# Posts tagged ‘Vector’

So the cross product along with the dot product is the bread and butter of vector math – but I’d never known really whats happening internally. Essentially the cross product of two vectors (two directions), creates a new vector thats orthogonal to them. This means its a vector thats 90 degrees perpendicular to product of the other two.

So if we have two vectors [1,0,0] and [0,1,0], the cross product will be [0,0,1] – Likewise if we swap these vectors the cross product will be [0, 0, -1]. Even though we doing multiplication internally, we’re also doing subraction and vector order matters here. We can use sarrus’ rule, to get the cross product which is like finding the determinant – which i’ll discuss in matrix math:

If we have two vectors, [1, 0, 0] and [0, 1, 0] we can put them into a 3 by 3 matrix, with an imaginary row at the top:

I J K
1 0 0
0 1 0

We’ll get the determinant of each part of the imaginary row. Starting with the I, we’ll disregard any row and column it crosses and keep the rest. So for I it’ll become:

0 0
1 0

Next we’ll multiply the first value of the first row, by the last value of the last row – in this case 0, 0 and subtract it from first value of the last multiplied by the last value of the first row:

I = 1 * ((0 * 0) – (1 * 0)) = 0

This is the first part of a new vector – Lets see how this looks for the whole thing: cross ([1, 0, 0], [0,1,0]) =

I = 1 * ((0 * 0) – (1 * 0)) = 0
J = 1 * ((1 * 0) – (0 * 0)) = 0
K = 1 * ((1 * 1) – ( 0 * 0) = 1

We can see that the last part makes a difference, we’re doing (1 *1) – (0 * 0), so 1 – 0. If we’d have swapped the initial vectors around we’d have (0 * 0) – (1 * 1) = -1. Next up we’ll break into matrices..

A lot of maths I use tends to be abstracted away either in libraries I use, or inside the application. I’m going to go back to basics starting with vector maths, and moving onto matrices – these, in my opinion are the back bone to doing what we do. I’ll cover from the ground up and then go into some more complex areas: determinants, inverse multiplication, decomposition etc. I’ll be learning a bunch of this stuff along the way. Lets get started:

Vectors

So a vector is basically a direction from the origin. [1, 2, 3] basically means we have a point thats moved 1 in the X direction, 2 in the Y and 3 the Z direction.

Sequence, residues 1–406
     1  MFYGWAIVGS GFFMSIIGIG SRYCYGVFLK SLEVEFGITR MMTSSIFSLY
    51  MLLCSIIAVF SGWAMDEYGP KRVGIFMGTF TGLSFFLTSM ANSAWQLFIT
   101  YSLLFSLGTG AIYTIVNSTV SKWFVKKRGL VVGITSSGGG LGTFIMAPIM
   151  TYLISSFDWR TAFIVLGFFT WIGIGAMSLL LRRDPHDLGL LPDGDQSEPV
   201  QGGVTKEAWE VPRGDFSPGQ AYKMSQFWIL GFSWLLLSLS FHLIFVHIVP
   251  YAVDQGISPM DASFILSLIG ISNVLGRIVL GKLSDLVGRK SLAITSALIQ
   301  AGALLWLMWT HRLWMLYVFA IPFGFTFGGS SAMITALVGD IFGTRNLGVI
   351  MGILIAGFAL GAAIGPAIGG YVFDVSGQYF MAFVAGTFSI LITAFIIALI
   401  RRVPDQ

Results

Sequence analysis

Vectors can be added together simply by adding the parts of each together. [1, 2, 3] + [4, 5, 6] = [(1+4), (2+5), (3+6)]. Subtraction follows a similar process.

Vectors can be multiplied against a scalar (float) value by multiplying each part by it: [1, 2, 3] * 5 = [(1*5), (2*5), (3*5)].

We can get the length of a vector by firstly, powering each part by 2, then summing (adding up) these parts, and finally getting the square root of the total. This looks like this len([1, 2, 3]) = sqrt((1^2) + (2^2) + (3^2)).

Using this length we can get the normal of the vector. Normalizing a vector keeps its direction, but its length becomes 1.0. This is important in finding angles, unit vectors and matrix scale. To do this we first get the vectors length, and then divide each part of the vector by it:

normal([1, 2, 3]) =

length = sqrt((1^2) + (2^2) + (3^2))

normal = [1/length, 2/length, 3/length]

The dot product of two 3d vectors (x, y, z), basically returns the magnitude of one vector projected onto another. If we have two vectors [1, 0, 0] and [1, 1, 0]; when we project the latter onto the former, the value along the formers length is the dot product. To get the dot product of two vectors we simply multiply the parts together:

[1, 2, 3] . [4, 5, 6] = (1*4) + (2 * 5) + (3 * 6)

We can use the dot product to get the angle between two vectors too. If we first normalize each vector, we can get the angle by getting the inverse cos (or acos) of this dot. This will return a radian, so we can convert it into degrees by multiplying it by (180 / pi):

cos(norm([1,2, 3] . norm([4, 5, 6]) )^-1 * (180/pi)

Next cross products..

BVH (Biovision) motion data is evil and I for one hate it! I wish when they had come up with the hierarchy, rotation order and transform methods they have firstly in world space, treated rotations as vectors and treated parenting as loosely as possible.

All you want for an animation format is a position of the joint, its direction and its spin – all in vectors with the position being in world space. This way any additional info like parenting can be bolted on without affecting firstly the initial pose or the animation. (as there keyed and set in world space)

The power of this is that, you could just have a set of positions and animation data without any vector info for direction or spin eg.

pos dir spn
[10,10,10] [0,0,0] [0,0,0]

And use it for raw mocap data such as TRC, or Vicom. But also by giving each joint an additional vector value for direction and spin you can use it as an intermediate format to a character rig. Parenting can still exist.

The power of this is that additionally, joints arent tied to the parents local space, and therefore you could store stretching infomation.